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Artists excited for MIM shows

Violinist and violist Brian Dembow knows a good ending and a good beginning.

He has been with the Angeles String Quartet for 14 years. The members are calling it quits now, but in high style – they picked up their first Grammy on Feb. 27 and will play a final concert in Austria next month.



After years of touring one-third of the year, the members wanted to spend more time with their families, Dembow said. The 46-year-old is the father of three.




“The concert in Austria is a storybook ending at a palace where (Joseph) Haydn was the resident performer for 30 years,” he said.

The Angeles String Quartet specializes in Haydn. In June 1999, it finished a five-year project recording all 68 Haydn string quartets on the Philips label.

Dembow is still smiling after winning a Grammy.

The quartet received three nominations: best engineer, best producer and best chamber music performer. The Grammy nominations were the first the group received. It won for best chamber performance.

“In a way, I will never come down completely,” Dembow said. “There’s a rush when they call your name, and you can never be prepared.”

It was sweet for Dembow to receive such recognition.

“I’ve come to grips (with the fact that) we’re not going to get a lot of acknowledgement in this genre,” he said. “Let’s face it, chamber music is appreciated by a small audience.

“We generally pay our own expenses on our tours – food, airplanes – while we could be staying at home and being in the recording studio,” he said. “We lose money on tours, but we do it because we love to play for the people who get it.”

That’s why the Grammy award is such an affirmation.

“When a public acknowledgement comes your way, it’s overwhelming,” he said.

As for the good beginning, Dembow is in a piano quartet that debuts Sunday at Music in the Mountains’ Spring Fest of Classics in Grass Valley.

“Each of the quartet members are extraordinary colleagues, instrumentalists and friends, and it’s a privilege to play with them,” he said.

The Los Angeles group is so new, it doesn’t have a name other than Robert Thies and Friends. Thies, MIM Spring Fest’s headliner, is the pianist for the ensemble.

“The idea has been kicked around for three years to this very day on Easter at my house,” Dembow said Sunday. “We read chamber music and realized it would be a wonderful thing to put together a group and play concerts.”

But until now, the members had other performing commitments.

In addition to performing and recording, the quartet members have individually worked on shows, films and commercials.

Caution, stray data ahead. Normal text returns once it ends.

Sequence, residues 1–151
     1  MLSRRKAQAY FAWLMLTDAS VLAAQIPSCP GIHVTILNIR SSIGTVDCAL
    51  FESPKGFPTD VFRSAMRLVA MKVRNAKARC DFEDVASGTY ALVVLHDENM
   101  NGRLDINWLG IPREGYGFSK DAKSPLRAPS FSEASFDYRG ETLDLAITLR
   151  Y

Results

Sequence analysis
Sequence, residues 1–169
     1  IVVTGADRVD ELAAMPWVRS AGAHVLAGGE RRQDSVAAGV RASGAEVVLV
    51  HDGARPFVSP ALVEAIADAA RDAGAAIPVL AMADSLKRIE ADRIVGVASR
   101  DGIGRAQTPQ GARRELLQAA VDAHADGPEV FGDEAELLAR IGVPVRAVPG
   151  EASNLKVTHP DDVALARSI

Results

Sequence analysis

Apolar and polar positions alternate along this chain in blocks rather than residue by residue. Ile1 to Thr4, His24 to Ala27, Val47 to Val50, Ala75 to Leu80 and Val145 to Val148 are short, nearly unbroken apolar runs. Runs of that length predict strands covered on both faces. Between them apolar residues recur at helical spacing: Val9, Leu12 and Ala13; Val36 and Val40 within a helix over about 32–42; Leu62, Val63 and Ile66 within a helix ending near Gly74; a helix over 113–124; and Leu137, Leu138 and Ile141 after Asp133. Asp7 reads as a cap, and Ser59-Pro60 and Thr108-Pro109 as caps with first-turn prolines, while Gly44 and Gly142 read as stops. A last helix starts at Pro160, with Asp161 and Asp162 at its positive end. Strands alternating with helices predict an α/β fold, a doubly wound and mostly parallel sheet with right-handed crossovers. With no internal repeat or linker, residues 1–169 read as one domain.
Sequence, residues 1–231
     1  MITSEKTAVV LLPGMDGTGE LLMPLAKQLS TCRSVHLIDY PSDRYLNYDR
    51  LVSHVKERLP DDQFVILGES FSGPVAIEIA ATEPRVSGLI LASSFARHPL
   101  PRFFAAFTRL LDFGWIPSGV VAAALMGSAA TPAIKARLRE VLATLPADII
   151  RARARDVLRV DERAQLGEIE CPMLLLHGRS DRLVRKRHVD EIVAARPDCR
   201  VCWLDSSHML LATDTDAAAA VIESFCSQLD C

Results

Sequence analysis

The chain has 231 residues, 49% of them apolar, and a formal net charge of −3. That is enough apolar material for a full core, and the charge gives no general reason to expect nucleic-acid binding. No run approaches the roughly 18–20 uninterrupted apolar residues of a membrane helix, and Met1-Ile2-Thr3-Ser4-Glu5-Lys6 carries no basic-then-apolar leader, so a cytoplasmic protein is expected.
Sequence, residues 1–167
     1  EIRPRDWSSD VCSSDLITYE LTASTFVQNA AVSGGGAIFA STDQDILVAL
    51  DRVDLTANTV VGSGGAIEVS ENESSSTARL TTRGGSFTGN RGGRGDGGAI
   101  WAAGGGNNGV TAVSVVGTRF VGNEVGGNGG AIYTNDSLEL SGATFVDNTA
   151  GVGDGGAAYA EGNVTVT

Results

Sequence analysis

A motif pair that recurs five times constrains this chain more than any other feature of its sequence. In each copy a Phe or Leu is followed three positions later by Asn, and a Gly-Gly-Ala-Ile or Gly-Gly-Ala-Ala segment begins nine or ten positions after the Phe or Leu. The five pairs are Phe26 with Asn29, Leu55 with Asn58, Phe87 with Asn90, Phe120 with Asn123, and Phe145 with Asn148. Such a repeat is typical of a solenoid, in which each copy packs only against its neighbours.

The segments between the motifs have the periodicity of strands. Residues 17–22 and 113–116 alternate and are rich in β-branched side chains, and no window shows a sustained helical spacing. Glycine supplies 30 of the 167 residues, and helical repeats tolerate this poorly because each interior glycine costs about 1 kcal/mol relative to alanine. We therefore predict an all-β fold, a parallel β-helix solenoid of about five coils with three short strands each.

The other members are cellist Cecilia Tsan and violinist Roger Wilkie.

Thies will perform twice at Spring Fest: solo on Friday when he plays selections from Brahms, Beethoven, Rachmaninoff, Debussy and Prokofiev; and on Sunday with his friends.

Sunday, the repertoire includes Mozart’s Piano Quartet in G minor; Schumann’s Piano Quartet in E flat major, Opus 47; and Piano Quartet in C minor, Opus 60 by Johannes Brahms.

Thies has performed twice with MIM and twice with the Twin Cities Concert Association to crowded houses.

When he talked Sunday to his mother who lives here, Thies was surprised to hear her friends were more excited about Friday’s solo performance.

“I’m more excited to hear the piano with the combination of piano and string quartets, which to me is more interesting,” Thies said. “The way I see it, these composers chose to write these pieces for the piano quartet medium. They’re absolutely fantastic works.”

Thies is excited to play with his friends. It will be the first time he’s played publicly with Dembow and Wilkie; he and Tsan have performed together frequently.

Friday program leans toward German and Russian works.

“I don’t know if it’s a coincidence, but I’ve always leaned to that, maybe because I’m one-fourth Russian and one-half German,” Thies said.

He won the gold medal at the second International Prokofiev Competition in St. Petersburg, Russia, in 1995. He was the first American pianist to win first prize in a Russian piano competition since Van Cliburn won the 1958 Tchaikovsky Competition in Moscow.

Thies, who has performed with more than 40 orchestras around the world, considers the gold medal recognition a highlight of his career.

The other Music in the Mountains Spring Fest concerts include “Soirees Musicales” on Saturday, “A Choral Tribute to David Griswold” on Wednesday and “Two by Four” piano on April 13.

Northern Californian musicians pay homage to Nevada County’s history Saturday with popular songs, serious classics and comical moments.

The Grass Valley Male Voice Choir, Grass Valley United Methodist Church Choir and MIM’s Festival Chorale will perform a tribute concert to Griswold on Wednesday. Griswold, who has volunteered and performed in the three groups for years, has cancer.

Spring Fest closes with pianists Paul Perry and Ken Hardin in a “one piano, four hands” concert April 13. They have played four-hands piano for more than 10 years at sold-out concerts throughout Northern California and Arizona. They have produced two chamber music CDs.

All concerts start at 8 p.m., with the exception of Sunday’s “Robert Thies and Friends” concert at 3 p.m. Refreshments will be sold.

Donations will be accepted at each concert for the Nevada City Fire Relief Fund, with the exception of Wednesday’s concert, after which donations will go to Griswold’s medical expenses.

WHAT: Music in the Mountains Spring Fest

WHEN: Friday, Saturday, Wednesday and April 13 at 8 p.m., Sunday at 3 p.m. Doors open a half-hour earlier.

WHERE: Nevada County Fairgrounds Festival Center, 11228 McCourtney Road, Grass Valley

ADMISSION: $18 and $22

INFORMATION: 265-6124 or online at http://www.musicinthemountains.org


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